Aaron Downs
Helpful, though a bit out-dated.
Half guidebook and half theory, this text can be incredibly helpful to serious researchers, reference librarians and MILS/MLS students. The rest of the world can probably do without the lists of resources and nuts-and-bolts approach to research. There's other books that are shorter and better designed to educate the layperson on the value of information searching.

The appendix on wisdom however is probably only worthwhile to philosophy students, not 90% of the targeted audience for this book.
Wens Tan
Excellent overview from a librarian who clearly knows his collection and his users, and would use the best combination of strategies to get the information needed, even when that information resides outside the library.

His basic premise (which I agree strongly with): that every strategy has its trade-offs; to be a good researcher, you need to know what these trade-offs are and use a suitable combination of strategies, in a suitable order, to find the information needed.
Joe Matson
Perhaps the only readable book on how to get the most out of libraries, Mann repeatedly stresses the strengths and weaknesses of several search strategy, and he gives clear examples to illustrate (especially) why certain things are not online, and probably never will be. The Appendix on Wisdom is a surprising departure from the rest of the book, arguing that knowledge is not enough: we also have to be moral to be wise.
Comprehensive, but dated. Really dated. There were times where I felt like I was wasting my time because libraries have changed so much since the pub date.
Pamela Hubbard
The book is pretty dry but gives an incredible overview of different aspects of research, such as citation searching, different types of resources, etc. Much of the material is "skimmable" and I'm not sure how long the material in the book will stay current, but it is a solid foundational book for librarians or students learning about research.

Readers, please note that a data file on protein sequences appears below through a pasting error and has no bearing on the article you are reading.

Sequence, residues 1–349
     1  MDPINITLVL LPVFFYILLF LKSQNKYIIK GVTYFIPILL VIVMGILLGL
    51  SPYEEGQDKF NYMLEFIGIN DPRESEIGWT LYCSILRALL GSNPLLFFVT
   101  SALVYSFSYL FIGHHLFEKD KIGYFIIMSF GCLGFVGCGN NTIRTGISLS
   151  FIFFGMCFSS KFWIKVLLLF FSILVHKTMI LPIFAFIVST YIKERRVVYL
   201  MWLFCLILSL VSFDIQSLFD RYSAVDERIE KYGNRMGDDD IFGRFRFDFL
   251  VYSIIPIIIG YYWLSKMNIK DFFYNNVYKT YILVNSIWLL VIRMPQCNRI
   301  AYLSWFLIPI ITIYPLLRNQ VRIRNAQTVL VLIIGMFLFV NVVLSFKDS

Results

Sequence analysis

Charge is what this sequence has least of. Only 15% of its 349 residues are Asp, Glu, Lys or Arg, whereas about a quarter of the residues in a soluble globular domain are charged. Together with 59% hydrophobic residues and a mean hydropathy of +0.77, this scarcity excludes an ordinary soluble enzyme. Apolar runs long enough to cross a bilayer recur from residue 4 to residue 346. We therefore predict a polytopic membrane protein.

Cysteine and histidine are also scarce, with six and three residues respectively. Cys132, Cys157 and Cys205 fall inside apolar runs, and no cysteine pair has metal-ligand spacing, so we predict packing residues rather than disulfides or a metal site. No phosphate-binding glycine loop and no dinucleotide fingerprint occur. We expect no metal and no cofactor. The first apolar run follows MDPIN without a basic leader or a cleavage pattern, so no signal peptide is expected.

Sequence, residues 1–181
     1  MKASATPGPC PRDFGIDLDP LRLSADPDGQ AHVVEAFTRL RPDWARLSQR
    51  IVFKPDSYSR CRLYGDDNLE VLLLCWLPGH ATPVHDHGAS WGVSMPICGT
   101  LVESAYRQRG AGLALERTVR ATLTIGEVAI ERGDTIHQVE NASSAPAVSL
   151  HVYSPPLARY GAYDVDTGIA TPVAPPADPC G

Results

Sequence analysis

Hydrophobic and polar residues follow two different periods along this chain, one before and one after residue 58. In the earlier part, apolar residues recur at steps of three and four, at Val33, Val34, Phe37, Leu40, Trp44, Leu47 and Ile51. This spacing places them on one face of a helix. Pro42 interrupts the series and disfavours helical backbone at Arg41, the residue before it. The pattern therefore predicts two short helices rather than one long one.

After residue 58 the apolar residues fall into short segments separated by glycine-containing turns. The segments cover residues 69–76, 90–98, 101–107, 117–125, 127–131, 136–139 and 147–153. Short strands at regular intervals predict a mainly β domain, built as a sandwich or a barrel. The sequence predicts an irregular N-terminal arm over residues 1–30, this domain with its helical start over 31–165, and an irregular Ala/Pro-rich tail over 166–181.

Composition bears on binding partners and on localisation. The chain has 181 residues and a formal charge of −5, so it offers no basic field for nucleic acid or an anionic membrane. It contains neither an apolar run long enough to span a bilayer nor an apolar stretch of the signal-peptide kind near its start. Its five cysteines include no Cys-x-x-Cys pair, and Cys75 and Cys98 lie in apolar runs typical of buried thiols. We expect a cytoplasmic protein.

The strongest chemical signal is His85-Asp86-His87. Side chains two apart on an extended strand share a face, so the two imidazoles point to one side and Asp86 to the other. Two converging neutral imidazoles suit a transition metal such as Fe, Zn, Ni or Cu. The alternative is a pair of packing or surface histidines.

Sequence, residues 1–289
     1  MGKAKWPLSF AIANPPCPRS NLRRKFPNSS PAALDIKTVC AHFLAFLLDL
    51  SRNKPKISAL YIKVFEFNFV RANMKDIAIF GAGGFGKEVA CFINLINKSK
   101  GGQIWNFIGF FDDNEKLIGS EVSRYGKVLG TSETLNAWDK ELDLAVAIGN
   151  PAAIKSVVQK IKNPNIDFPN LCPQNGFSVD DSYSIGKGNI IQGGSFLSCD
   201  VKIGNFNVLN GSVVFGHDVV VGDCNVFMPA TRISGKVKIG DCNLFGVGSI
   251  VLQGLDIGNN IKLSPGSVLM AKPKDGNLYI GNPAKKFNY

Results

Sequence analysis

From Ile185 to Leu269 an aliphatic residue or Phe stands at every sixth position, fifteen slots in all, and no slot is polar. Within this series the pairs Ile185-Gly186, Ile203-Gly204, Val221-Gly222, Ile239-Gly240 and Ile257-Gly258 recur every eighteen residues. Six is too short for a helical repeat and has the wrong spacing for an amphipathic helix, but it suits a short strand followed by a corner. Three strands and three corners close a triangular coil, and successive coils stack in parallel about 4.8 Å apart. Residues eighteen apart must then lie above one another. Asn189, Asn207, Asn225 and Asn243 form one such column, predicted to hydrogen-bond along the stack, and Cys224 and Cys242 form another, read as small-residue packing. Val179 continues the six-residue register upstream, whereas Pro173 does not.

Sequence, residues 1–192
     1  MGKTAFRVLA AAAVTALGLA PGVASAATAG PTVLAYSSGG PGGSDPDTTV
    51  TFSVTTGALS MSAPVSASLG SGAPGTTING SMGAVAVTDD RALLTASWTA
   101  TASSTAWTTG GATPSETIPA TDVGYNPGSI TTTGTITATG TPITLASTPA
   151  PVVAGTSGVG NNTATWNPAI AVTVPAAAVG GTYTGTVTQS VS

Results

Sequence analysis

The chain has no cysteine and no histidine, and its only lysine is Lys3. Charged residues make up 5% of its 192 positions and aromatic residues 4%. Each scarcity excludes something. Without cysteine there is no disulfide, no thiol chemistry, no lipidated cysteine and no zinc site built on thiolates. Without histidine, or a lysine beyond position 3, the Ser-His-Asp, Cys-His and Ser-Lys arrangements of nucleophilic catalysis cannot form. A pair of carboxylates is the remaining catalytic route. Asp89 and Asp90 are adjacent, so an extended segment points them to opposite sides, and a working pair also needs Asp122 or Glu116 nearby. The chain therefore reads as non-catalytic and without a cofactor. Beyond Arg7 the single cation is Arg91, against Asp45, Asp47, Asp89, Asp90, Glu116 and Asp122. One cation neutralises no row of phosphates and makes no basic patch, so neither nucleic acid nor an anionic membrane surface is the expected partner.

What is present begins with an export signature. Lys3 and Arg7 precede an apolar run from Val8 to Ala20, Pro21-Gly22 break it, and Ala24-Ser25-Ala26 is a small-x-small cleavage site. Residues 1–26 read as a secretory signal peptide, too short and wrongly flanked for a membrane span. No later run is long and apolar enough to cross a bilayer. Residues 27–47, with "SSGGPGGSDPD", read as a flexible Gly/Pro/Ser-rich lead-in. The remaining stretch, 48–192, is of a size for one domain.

Thomas Mann has a dry wit that cleverly peppers this book and keeps it interesting. This is an extremely useful tool for those about to embark on large research projects that entail utilizing as many library resources as possible. Comprehensive.
Ariel Dagan
Aug 15, 2013 Ariel Dagan rated it 4 of 5 stars  ·  review of another edition
Recommends it for: Any one who live by Google search
Recommended to Ariel by: Amanda Izenstark
Shelves: research
Many folks this that today search engine are the be all and end all of all answers. Mann puts things into perspective and enables the reader to have a greater understanding how one should access information based on their search needs.
This book is pretty amazing. I think even a super-savvy reference librarian could pick up some great tips. It is getting a bit dated in terms of database names and providers and search features, etc.
I enjoyed Thomas Mann's annecdotes about reference work. I also learned that I need to remember to look for reference sources on specific topics when I am doing research.
Reid Ashbaucher
Required reading for anyone involved in thesis or dissertation research projects. Written by a research expert both in the private sector and within the library system.
This is an excellent resource for Library and Information professionals. It is a great reference tool, providing recommendations of a number of resources.
Thomas Mann creates order out of chaos. On page 24 of the 1998 paperback edition, you will find the secret to the library universe.
LOVE this book. I wish every student accepted to graduate school was forced to read it before their first day of class.
Micheal Rumore
"This library would be the perfect place if you rubes would leave the books alone."
Jun 30, 2012 Penelope marked it as to-read  ·  review of another edition
Shelves: library-science
(class reading for Russian, East European & Eurasian Bibliography & Research)
Fredrick Danysh
A how to guide on the skills and methods of using a library for research.
A rather USA centric book, but still worth a read.
This holds the record for most boring thing I've ever read.
Jan 27, 2015 Amy marked it as to-read  ·  review of another edition
Picking up some reference hints
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Librarian Note: There is more than one author in the GoodReads database with this name. See this thread for more information.